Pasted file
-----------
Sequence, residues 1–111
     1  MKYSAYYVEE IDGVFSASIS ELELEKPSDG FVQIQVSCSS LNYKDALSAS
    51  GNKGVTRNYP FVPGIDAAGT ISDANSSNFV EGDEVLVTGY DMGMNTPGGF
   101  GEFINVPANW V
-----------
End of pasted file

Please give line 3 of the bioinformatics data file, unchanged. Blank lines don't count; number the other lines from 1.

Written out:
    51  GNKGVTRNYP FVPGIDAAGT ISDANSSNFV EGDEVLVTGY DMGMNTPGGF